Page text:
With the new space race epic For All Mankind, Apple TV+ is taking one giant leap into the streaming universe.
Apple’s new streaming service launches on Nov. 1 with nine original series (and will roll out more each month). Among those first offerings is For All Mankind, a drama that takes place in an alternate reality where the USSR beat the United States to put a man on the moon.
Here’s what you need to know about For All Mankind on Apple TV+:
When does For All Mankind premiere?
On Nov. 1, the day that the Apple TV+ streaming service launches. The subscription costs $4.99 a month, though customers who purchase a new Apple device can get a free year.
What’s For All Mankind about?
Apple’s official synopsis says, “What if the space race had never ended? …. Told through the lives of NASA astronauts, engineers and their families, For All Mankind presents an aspirational world where NASA and the space program remained a priority and a focal point of our hopes and dreams.”
In the real version of history, after the successful Apollo 11 mission, NASA gradually began to ramp down the space program.
In this alternate timeline, the Soviet Union succeeds in the first manned moon landing, dubbed “Red Moon. But instead of giving up, NASA ramps up efforts to one-up the Soviets.
Who is in it?
Joel Kinnaman (The Killing) stars as Edward Baldwin, a top NASA astronaut, with Shantel VanSanten as his wife Karen. Michael Dorman and Sarah Jones play another prominent NASA couple.
The Crown actress Jodi Balfour is pilot Ellen Waverly, Wrenn Schmidt is engineer Margo Madison and Eric Ladin is mission control boss Gene Kranz. Also on board are Rebecca Wisocky as Marge Slayton, the wife of the head of the astronaut program, and Arturo Del Puerto as Octavio Rosales, an immigrant looking for a better life for his family.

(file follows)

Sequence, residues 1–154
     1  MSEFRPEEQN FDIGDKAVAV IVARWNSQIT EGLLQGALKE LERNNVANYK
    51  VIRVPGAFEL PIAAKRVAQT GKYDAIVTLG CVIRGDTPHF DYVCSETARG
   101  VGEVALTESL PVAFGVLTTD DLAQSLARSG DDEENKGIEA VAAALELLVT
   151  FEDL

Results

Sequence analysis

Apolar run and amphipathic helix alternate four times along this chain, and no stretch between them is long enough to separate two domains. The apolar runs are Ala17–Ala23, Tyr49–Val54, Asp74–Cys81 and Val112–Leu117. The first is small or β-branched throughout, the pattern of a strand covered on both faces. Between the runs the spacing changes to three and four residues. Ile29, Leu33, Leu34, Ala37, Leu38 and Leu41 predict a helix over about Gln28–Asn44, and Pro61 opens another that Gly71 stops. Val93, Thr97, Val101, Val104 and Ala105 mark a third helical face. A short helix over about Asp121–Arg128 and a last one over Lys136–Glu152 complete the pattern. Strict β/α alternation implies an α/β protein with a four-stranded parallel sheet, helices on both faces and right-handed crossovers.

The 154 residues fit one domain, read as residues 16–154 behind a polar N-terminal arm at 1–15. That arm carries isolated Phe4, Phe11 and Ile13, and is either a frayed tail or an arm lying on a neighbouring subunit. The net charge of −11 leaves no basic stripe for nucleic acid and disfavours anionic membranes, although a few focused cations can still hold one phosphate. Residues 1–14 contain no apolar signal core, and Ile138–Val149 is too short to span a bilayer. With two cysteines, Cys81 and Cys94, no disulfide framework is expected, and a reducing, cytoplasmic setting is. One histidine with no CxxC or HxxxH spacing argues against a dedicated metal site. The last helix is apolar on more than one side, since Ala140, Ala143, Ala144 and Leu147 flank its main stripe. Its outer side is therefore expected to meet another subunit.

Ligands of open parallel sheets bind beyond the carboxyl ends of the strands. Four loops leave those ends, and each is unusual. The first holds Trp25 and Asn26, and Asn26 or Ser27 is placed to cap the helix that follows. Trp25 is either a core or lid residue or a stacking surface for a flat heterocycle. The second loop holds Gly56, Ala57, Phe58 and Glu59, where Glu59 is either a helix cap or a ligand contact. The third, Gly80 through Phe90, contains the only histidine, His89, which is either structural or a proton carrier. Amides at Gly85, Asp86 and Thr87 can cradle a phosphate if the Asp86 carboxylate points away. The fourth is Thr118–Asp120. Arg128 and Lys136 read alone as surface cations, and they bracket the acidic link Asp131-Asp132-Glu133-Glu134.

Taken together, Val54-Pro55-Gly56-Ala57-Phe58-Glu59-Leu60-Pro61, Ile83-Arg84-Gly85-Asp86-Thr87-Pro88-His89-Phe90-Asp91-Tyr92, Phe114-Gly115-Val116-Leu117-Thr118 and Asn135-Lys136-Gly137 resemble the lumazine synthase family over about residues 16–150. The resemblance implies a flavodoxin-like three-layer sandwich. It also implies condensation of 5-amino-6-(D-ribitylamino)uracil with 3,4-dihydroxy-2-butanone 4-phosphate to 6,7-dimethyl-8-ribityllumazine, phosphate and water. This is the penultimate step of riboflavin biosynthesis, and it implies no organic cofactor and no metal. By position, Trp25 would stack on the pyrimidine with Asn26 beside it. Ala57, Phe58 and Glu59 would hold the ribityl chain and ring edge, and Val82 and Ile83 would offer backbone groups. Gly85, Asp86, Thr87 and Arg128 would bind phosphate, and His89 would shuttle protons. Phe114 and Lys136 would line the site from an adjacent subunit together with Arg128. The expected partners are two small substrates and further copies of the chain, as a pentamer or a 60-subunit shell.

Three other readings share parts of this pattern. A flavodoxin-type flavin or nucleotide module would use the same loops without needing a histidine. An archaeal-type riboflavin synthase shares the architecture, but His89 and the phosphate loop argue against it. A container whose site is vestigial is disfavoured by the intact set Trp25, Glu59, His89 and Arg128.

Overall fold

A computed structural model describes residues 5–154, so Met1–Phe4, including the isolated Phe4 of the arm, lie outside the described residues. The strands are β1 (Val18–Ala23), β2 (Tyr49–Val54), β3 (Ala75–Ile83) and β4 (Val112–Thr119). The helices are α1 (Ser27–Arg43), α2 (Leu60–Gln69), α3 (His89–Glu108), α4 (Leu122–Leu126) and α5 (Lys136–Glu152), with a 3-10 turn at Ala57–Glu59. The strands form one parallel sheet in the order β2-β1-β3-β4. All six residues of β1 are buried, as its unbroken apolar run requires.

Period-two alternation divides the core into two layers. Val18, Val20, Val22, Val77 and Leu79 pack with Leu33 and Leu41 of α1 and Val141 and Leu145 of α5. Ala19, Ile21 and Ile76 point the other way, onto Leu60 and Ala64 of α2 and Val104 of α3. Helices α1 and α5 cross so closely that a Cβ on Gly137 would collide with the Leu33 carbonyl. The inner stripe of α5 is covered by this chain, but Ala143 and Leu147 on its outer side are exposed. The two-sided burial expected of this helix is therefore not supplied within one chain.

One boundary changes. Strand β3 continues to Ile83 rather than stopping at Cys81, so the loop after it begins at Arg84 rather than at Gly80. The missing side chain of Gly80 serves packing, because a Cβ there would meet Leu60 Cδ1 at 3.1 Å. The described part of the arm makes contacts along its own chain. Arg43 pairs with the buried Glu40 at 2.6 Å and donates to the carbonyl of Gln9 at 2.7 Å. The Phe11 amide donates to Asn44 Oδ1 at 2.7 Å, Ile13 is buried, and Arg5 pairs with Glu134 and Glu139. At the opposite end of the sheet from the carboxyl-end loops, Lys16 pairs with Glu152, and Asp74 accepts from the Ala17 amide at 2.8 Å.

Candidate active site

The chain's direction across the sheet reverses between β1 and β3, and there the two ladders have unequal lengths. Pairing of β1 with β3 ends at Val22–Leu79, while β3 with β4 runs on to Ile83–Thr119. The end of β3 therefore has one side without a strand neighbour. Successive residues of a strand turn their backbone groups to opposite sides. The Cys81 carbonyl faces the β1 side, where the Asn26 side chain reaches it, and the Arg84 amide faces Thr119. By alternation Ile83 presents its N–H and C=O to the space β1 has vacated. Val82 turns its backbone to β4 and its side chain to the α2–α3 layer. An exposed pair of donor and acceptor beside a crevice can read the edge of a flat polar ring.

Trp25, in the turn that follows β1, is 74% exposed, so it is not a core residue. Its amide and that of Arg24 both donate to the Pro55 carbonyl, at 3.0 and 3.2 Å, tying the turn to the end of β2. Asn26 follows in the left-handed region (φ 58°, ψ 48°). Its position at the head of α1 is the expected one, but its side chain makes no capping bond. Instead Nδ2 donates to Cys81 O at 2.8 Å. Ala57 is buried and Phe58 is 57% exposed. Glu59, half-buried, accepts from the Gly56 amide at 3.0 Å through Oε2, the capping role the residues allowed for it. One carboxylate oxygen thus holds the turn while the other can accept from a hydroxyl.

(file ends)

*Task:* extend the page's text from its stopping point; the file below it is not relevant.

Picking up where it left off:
What else is there to know?
The series was co-created and written by Ronald D. Moore, the mind behind Battlestar Galactica and Outlander. He also wrote for several Star Trek series. So, he knows space and he knows history.
Moore will continue to explore themes developed in his previous work. “We’re starting with how history changes, and as the season develops we’ll jump months — and sometimes years — and you’ll see the ripple effects that occur: We pull out of Vietnam earlier, Nixon goes in hard on the space program,” he told Entertainment Weekly.
“How do things change because of all that? In our history, Ted Kennedy does not go to Chappaquiddick. He cancels the trip to go to Washington, and so Nixon’s team is worried he’s going to run. There’s a lot to explore when you start to consider how life would be different.”
And if viewers get a Mad Men vibe from the show, there’s a reason for that: one of Moore’s first hires was Mad Men production designer Dan Bishop.
Is there a trailer?
Yes, there are several. Watch them here: